Northeast 52nd Avenue and Sandy Boulevard, 971-570-0945, pdx671.com. Lunch Wednesday-Saturday, dinner Friday-Saturday.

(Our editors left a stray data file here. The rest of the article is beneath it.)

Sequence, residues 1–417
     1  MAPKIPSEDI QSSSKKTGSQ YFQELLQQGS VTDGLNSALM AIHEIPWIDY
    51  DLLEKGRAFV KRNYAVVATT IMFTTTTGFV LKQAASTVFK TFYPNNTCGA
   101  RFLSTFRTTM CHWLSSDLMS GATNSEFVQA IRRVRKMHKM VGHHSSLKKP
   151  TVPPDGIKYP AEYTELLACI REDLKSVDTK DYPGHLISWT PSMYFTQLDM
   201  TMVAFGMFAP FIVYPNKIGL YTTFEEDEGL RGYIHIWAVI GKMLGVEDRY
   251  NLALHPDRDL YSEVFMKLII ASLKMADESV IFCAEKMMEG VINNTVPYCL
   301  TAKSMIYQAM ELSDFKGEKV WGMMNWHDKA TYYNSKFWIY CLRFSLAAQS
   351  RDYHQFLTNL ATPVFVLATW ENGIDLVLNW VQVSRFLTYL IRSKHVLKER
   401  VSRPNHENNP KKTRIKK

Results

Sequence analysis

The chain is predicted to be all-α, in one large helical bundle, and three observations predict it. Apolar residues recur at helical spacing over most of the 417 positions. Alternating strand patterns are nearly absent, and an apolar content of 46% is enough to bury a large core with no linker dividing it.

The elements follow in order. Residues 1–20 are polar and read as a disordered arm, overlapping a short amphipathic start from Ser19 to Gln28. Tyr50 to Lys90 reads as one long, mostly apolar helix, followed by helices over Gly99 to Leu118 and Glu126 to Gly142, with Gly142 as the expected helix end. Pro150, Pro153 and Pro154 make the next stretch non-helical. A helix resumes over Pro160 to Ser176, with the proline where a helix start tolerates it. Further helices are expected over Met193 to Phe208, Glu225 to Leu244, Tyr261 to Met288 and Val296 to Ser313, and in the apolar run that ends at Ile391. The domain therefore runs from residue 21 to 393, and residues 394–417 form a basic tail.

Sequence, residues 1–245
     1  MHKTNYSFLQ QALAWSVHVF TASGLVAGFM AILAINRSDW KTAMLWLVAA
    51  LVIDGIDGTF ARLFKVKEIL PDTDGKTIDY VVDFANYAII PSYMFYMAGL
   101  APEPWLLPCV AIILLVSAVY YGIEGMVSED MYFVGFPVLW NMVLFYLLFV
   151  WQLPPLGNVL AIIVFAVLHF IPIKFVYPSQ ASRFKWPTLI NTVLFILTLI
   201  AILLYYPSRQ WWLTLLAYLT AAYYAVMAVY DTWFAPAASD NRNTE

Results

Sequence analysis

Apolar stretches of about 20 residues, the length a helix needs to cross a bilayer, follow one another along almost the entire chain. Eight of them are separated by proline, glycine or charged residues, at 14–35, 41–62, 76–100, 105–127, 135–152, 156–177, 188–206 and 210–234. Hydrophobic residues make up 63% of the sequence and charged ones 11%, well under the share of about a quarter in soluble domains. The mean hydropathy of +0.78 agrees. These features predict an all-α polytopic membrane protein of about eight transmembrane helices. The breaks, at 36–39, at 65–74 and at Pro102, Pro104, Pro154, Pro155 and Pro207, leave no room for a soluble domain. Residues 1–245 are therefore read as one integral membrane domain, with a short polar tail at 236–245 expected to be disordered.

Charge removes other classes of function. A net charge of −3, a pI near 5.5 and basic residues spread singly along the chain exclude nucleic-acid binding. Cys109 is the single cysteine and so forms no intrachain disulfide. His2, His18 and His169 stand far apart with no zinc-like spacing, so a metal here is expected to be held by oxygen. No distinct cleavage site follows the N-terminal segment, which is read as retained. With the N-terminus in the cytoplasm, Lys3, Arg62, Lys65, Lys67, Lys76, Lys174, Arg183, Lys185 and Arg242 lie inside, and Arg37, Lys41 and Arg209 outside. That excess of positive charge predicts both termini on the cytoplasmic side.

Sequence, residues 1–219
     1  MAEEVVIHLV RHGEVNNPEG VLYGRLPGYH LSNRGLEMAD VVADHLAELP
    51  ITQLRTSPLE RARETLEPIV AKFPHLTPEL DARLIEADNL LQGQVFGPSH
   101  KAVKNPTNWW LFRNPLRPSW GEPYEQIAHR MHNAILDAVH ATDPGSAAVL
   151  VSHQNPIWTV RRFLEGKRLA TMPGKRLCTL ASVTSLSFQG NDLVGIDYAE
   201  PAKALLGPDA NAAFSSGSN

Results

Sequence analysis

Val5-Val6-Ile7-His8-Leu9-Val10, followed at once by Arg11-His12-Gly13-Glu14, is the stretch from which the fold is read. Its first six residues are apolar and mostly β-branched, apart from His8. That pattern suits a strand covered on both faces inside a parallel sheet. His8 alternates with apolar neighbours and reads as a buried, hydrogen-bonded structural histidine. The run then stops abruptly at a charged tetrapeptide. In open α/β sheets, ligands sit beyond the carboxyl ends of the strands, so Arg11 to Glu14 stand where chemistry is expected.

The food of Guam—Chamorro cuisine—is a mashup of the myriad cultures that have influenced this small Pacific island. The upshot is a lot of weird dishes that, as interpreted by Guamanian cart master Ed Sablan, are as compelling as they are offbeat. The superstar is kelaguen mannok ($6.50), cubes of smoky grilled chicken combined with chopped scallion, bits of red chili, grated coconut and a squirt or two of lemon. It's assertive, balanced and bountiful. The wondrous wingman for this dish is the best flat bread I've ever tasted: The dough for titiyas ($3.50) relies on coconut milk and butter, resulting in magnificent, char-spotted disks that are simultaneously soft, chewy and ethereally fragrant. Sablan has been banging out his homeland specialties from this cart for six years now. Maybe he's ready to come in from the cold?